Enhancing Employee Relations

If you ask the average medical student what they anticipate as the five greatest challenges in their upcoming career you would of course get a list that would include national healthcare, malpractice, wrongful diagnosis, demanding lifestyle sacrifices, etc. If you ask the same question to these people after five years in practice, very high on this list will be a new category and that is employees. Aesthetic MD Insider spoke with Dr. Joseph Niamtu, III of Love That Face in Richmond, VA about employee relations and he offered some very sound advice.

Dr. Joseph Niamtu, III

Any seasoned doctor (or business owner) will usually admit that employee relations are one of the biggest challenges of running a business. Of course here, we are talking about the doctor’s office. However, no matter what business you are in, be it a carwash, doughnut shop or surgeon’s office, finding competent, dependable, energized, honest and loyal employees remains a challenge.

A great employee can be an invaluable and cherished asset that can greatly enhance your life, whereas a poor, lackadaisical employee can suck the energy and efficiency away from your practice and life.

Since most doctors generally do not obtain real-life, sophisticated training on staff hiring and firing during medical school, it basically boils down to hit or miss and learning by mistakes; for better or worse. Ask any 20 year veteran of a medical practice about their employee experiences and I guarantee they will tell you “If I would have only known then, what I know now, my life would have been a lot easier”. I certainly don’t feign expertise in employee relations. However, based on the experience of many doctors I have worked with, and my own personal experience running a successful practice, I have developed pearls on hiring and firing.

The first and foremost requirement of having a successful practice with great employees is to have a distinct and clear vision. My vision was to limit my practice to cosmetic facial surgery and market myself as the local expert in cosmetic facial surgery. It also was to have an exemplary and accredited facility with employees committed to teamwork and to have fun at work. My vision included the highest level of patient care and communication. When I hire employees I make my vision clear to them so they understand what is expected. If a practice leader (the doctor) does not have a distinct vision, or if his or her staff is unaware of this vision then chaos results. It would be no different than a football team going to the line without a play. No player would know what to do. This is why teams have plays and practice them. A leader without a distinct vision is a journey without a map.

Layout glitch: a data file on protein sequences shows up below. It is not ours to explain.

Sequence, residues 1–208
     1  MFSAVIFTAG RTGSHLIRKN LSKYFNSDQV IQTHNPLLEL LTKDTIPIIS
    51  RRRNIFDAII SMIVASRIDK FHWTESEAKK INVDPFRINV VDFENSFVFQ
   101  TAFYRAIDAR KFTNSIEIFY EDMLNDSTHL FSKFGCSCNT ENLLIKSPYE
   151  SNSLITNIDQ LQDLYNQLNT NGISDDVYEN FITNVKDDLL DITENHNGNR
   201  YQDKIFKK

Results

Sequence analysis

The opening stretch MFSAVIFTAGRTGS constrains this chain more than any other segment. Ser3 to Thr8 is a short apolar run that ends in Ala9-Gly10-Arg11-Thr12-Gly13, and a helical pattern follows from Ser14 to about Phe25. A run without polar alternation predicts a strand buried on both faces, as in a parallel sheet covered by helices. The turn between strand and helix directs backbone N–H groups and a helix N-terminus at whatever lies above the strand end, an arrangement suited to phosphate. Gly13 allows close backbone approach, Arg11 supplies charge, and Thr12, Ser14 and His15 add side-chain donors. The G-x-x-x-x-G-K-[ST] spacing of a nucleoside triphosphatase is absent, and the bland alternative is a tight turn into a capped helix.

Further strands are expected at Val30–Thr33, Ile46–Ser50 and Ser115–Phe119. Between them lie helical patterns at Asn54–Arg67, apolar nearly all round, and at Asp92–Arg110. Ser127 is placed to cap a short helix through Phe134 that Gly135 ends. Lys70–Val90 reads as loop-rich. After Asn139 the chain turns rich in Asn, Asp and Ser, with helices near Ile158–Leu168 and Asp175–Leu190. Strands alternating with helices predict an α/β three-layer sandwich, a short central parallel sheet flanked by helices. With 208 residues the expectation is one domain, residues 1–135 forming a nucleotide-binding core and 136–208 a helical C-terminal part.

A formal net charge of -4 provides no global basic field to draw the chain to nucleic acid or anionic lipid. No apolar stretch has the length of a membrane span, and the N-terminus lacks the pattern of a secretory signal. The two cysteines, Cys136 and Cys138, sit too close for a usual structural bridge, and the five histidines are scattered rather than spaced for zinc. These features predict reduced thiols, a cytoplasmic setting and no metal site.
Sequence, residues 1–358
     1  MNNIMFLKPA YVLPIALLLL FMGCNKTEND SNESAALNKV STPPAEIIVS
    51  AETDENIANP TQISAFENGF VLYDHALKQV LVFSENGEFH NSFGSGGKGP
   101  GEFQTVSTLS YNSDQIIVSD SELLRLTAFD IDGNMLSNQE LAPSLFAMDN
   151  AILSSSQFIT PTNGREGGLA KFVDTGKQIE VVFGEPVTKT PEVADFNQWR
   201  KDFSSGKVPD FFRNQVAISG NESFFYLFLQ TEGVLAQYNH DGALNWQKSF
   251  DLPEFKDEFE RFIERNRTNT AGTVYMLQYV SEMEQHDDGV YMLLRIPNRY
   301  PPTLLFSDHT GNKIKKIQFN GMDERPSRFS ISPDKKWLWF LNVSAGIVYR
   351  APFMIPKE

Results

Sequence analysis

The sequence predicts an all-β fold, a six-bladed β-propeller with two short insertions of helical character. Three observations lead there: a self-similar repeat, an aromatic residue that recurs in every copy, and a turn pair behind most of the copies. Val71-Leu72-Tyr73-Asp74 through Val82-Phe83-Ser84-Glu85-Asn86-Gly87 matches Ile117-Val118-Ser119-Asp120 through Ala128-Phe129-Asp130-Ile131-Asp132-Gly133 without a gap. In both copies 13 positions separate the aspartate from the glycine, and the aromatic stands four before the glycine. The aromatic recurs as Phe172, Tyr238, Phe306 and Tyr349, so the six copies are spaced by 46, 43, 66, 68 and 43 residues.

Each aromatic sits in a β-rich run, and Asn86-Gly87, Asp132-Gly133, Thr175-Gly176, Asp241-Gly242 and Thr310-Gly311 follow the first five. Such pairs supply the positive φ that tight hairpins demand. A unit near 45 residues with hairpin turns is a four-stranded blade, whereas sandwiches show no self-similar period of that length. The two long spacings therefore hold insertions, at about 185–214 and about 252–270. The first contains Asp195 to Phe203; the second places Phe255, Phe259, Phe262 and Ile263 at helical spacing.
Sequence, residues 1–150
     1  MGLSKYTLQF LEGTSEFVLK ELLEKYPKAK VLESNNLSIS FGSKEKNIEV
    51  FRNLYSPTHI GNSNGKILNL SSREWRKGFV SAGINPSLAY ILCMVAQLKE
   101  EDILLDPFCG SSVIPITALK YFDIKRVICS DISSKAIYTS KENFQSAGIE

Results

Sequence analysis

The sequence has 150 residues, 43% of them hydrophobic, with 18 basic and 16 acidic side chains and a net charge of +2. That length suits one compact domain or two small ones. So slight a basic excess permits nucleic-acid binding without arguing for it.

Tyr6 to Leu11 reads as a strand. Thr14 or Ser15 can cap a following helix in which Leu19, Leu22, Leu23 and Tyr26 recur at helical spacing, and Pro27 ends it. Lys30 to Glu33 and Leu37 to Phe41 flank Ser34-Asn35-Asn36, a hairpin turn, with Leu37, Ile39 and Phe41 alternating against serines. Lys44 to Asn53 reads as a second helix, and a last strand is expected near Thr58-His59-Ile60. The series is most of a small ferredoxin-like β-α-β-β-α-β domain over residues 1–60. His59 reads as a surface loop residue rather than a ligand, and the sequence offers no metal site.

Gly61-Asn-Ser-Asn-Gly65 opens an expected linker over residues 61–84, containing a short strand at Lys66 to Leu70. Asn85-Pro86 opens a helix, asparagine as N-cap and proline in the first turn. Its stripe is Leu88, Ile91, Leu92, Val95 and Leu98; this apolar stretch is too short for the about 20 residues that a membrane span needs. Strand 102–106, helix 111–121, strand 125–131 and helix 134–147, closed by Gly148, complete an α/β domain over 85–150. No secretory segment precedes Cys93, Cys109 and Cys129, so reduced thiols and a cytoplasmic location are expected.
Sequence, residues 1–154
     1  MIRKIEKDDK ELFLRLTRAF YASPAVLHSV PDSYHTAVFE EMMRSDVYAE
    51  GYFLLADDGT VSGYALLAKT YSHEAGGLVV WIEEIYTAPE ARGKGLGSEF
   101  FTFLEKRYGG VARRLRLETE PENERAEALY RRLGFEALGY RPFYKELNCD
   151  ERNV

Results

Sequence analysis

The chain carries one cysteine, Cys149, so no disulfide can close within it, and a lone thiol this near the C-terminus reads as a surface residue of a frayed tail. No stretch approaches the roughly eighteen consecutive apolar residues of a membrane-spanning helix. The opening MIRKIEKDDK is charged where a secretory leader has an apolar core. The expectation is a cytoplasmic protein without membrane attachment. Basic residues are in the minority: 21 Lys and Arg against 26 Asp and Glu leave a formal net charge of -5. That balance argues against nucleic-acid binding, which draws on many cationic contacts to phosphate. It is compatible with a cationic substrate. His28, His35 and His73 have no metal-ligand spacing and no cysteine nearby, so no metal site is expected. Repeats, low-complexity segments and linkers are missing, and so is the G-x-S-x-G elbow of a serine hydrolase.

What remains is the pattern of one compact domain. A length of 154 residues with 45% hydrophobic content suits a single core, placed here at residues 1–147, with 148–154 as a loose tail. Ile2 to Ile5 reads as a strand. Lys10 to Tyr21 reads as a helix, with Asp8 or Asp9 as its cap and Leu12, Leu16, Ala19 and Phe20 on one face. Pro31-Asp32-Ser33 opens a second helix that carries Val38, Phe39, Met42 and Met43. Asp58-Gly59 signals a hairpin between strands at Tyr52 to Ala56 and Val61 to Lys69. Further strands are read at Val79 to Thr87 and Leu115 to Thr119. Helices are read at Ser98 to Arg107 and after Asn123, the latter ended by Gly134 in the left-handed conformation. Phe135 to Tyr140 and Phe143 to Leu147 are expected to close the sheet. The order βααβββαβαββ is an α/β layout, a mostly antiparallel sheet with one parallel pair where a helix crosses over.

I feel that there are eight attributes that make a perfect employee and I learned much of this 30 years ago when I worked closely with a consulting firm called Mercer Global Advisors.  For the sake of measurement, we will refer to a perfect employee as a “10”. What we desire is to be able to screen for employees that are a “7” or above. The following attributes will greatly assist this evaluation process.

Eight Attributes Of A Good Employee

  1. Competency and Presentation
  2. Unconditionally Committed
  3. Givers or Takers
  4. Offensive or Defensive
  5. Superstar or Team Player
  6. Joyous
  7. Self Managing
  8. Learner
  1. Competency and Presentation

Competency is the foremost attribute required in the consideration. Again in any service oriented business, customers or patients expect and seek a certain level of care and service. When a person goes to a nice restaurant, they know in advance that it will be expensive. For that expense they expect a high level of service, i.e. prompt seating, polite treatment, accurate ordering, fast service, and attention to detail.   A waiter that cannot meet those expectations is incompetent. This incompetence will, across the board, cause unhappy customers and eventually harm the reputation of the owner regardless of how great the food was. What is frustrating here is that the restaurant owner may really have paid attention to detail. He may have a beautiful facility with ample parking. He may purchase only the finest ingredients and he may have hired the best chef in the area. Despite all the attention to detail, a single incompetent employee may shatter his dream of having a fine restaurant by negating his attention to detail. There is a difference between inexperience and incompetence. If our waiter had a badge “waiter in training” we may expect a lesser level of service. This employee may become an excellent waiter, but should not be turned loose on the public without someone supervising. Presentation is also a very important factor to consider in the medical business. This example applies to cosmetic surgery and general medical offices alike.